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Companies Work to Defend and Expand Clean Energy in North Carolina

Posted by Alli Gold Roberts at Aug 20, 2015 10:25 AM |
This week, companies and investors traveled to Raleigh, North Carolina to defend the state’s Renewable Energy and Energy Efficiency Portfolio Standard, and to lend their support to a proposal to extend the state’s renewable energy investment tax credit.
by Alli Gold Roberts, Manager, Policy Program Ceres Posted on Aug 20, 2015

This week, companies and investors traveled to Raleigh, North Carolina to defend the state’s Renewable Energy and Energy Efficiency Portfolio Standard, and to lend their support to a proposal to extend the state’s renewable energy investment tax credit.

Representatives from seven companies and investment groups—including BICEP members VF Corporation and New Belgium Brewing—gathered in Raleigh to meet with lawmakers in the General Assembly and representatives from Governor Pat McCrory’s office.

The businesses urged legislators to maintain North Carolina’s successful Renewable Energy and Energy Efficiency Standards (REPS). North Carolina’s REPS, passed in 2007, requires the state’s utilities to derive 12.5 percent of their electricity from renewable energy or energy efficiency investments by 2021. The REPS have worked well for North Carolina—creating jobs and investment throughout the state.

According to RTI International, North Carolina’s clean energy policies have helped generate more than $3.4 billion in investment via clean energy development between 2007 and 2014. In addition, the 2014 NC Clean Energy Industry census found there are approximately 23,000 (full-time equivalent) renewable energy and energy efficiency employees located across all regions of the state.

Despite these successes, there is an effort in the General Assembly (House Bill 332) to cap the state’s REPS at its current 6 percent. BICEP and INCR members expressed concerns that the proposed freeze would send the wrong market signal to the business community. Many companies are investing in North Carolina because of access to clean energy on grid. Earlier this summer, four N.C. BICEP members sent a letter to state lawmakers defending the standard, saying that a freeze would “stifle the growth of North Carolina’s clean energy sector and be a step in the wrong direction.”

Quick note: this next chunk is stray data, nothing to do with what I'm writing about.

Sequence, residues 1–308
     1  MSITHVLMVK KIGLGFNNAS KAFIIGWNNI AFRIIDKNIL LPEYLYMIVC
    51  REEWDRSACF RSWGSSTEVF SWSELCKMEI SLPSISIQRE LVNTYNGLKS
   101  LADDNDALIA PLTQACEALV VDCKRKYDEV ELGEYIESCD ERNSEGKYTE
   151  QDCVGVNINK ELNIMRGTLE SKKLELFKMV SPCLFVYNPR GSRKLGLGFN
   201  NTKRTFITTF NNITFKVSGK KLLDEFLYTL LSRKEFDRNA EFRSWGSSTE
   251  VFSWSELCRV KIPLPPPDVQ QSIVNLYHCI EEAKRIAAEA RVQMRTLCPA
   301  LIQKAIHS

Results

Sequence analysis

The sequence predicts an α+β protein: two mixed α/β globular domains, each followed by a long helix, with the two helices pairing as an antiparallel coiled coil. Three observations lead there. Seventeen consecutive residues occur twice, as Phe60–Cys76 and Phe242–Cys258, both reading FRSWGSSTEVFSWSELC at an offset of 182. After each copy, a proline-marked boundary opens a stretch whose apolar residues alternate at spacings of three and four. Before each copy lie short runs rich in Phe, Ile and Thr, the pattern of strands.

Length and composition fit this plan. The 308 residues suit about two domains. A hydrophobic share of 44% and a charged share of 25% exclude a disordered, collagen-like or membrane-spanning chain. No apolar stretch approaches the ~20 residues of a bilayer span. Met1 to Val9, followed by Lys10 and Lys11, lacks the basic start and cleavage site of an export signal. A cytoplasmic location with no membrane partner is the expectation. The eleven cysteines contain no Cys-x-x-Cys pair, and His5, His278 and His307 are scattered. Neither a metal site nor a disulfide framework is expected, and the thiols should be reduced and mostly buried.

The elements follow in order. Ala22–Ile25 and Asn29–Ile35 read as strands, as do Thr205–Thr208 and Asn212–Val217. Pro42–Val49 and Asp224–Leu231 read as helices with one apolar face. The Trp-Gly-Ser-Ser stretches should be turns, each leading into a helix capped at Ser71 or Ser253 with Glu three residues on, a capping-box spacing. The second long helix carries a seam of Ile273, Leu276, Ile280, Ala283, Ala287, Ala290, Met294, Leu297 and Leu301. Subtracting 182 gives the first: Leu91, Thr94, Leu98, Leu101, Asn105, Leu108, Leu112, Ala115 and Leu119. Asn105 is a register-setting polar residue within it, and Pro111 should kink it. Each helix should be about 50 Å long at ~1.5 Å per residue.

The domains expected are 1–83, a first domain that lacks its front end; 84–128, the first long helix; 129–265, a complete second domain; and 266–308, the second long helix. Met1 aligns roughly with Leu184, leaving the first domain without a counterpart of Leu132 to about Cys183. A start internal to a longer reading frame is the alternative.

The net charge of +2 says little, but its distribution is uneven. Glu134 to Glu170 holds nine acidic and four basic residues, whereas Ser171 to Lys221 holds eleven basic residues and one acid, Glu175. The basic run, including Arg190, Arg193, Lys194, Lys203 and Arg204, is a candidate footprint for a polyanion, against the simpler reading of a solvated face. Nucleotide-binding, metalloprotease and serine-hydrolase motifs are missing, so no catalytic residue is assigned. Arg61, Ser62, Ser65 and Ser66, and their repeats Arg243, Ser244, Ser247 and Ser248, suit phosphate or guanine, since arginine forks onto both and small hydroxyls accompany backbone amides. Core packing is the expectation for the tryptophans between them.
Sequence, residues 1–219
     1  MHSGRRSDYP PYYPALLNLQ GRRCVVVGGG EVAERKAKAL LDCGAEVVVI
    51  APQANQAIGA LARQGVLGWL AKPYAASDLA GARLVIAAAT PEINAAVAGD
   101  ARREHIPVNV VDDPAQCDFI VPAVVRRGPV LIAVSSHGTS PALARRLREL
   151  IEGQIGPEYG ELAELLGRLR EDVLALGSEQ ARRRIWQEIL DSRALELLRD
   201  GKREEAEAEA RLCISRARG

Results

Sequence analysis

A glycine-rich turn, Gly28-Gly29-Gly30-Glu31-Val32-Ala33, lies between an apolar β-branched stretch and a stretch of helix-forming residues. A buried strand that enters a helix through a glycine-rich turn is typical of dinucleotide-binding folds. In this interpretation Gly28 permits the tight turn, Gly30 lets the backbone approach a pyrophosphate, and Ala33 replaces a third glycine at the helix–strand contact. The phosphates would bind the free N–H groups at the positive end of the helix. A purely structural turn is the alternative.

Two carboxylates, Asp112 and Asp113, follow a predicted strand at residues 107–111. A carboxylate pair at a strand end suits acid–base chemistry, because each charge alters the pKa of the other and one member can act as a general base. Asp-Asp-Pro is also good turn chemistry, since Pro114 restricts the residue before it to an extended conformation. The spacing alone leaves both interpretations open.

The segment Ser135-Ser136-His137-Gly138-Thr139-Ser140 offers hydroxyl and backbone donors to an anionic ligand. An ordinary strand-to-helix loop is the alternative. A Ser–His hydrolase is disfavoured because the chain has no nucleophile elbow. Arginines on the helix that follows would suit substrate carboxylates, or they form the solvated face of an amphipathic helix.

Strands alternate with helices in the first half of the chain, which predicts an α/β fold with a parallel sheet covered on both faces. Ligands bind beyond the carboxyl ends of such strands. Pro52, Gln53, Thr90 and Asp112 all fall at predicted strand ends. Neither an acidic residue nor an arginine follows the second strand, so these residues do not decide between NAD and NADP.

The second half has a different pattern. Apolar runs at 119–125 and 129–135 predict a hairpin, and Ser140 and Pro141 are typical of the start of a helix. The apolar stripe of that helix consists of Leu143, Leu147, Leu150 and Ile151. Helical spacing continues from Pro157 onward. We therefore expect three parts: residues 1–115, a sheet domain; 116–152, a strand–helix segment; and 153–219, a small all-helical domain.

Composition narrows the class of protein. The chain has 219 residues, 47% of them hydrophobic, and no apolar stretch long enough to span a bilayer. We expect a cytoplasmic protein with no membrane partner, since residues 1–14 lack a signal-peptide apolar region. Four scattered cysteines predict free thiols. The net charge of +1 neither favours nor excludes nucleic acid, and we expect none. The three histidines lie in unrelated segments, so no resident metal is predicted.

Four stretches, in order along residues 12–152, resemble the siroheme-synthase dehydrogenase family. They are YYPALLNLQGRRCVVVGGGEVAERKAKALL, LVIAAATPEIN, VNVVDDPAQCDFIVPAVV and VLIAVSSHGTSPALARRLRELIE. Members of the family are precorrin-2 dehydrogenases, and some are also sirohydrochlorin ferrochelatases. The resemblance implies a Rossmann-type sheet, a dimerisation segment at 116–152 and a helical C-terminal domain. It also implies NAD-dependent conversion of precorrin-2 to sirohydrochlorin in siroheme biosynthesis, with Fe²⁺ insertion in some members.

Businesses also asked legislators to support proposed legislation to extend the state’s 35 percent renewable energy investment tax credit (REITC) for five additional years—allowing businesses to continue to invest in renewable energy projects in N.C. The REITC is currently scheduled to expire at the end of 2015 and has been responsible for investment in renewable energy and key infrastructure throughout the state. Over $2.6 billion has been directly invested in renewable energy projects between 2007 and 2014, leading to an economic impact of over $4.7 billion.

Corporate adoption of renewable energy and energy efficiency is on the rise with over 60 percent of the Fortune 100 setting clean energy goals. States with policies conducive to clean energy are able to attract investments and jobs—while reducing emissions and diversifying their energy mix. Hopefully North Carolina lawmakers will continue to support the REPS and extend the investment tax credit—making the state a leader in the Southeast.

Representatives from Novozymes North America, SAS, United Technologies Corporation, Trillium Asset Management, and Double Time Capital also participated in the meetings in Raleigh. A big thank you to the North Carolina Sustainable Energy Association (NCSEA) for their help in organizing this event.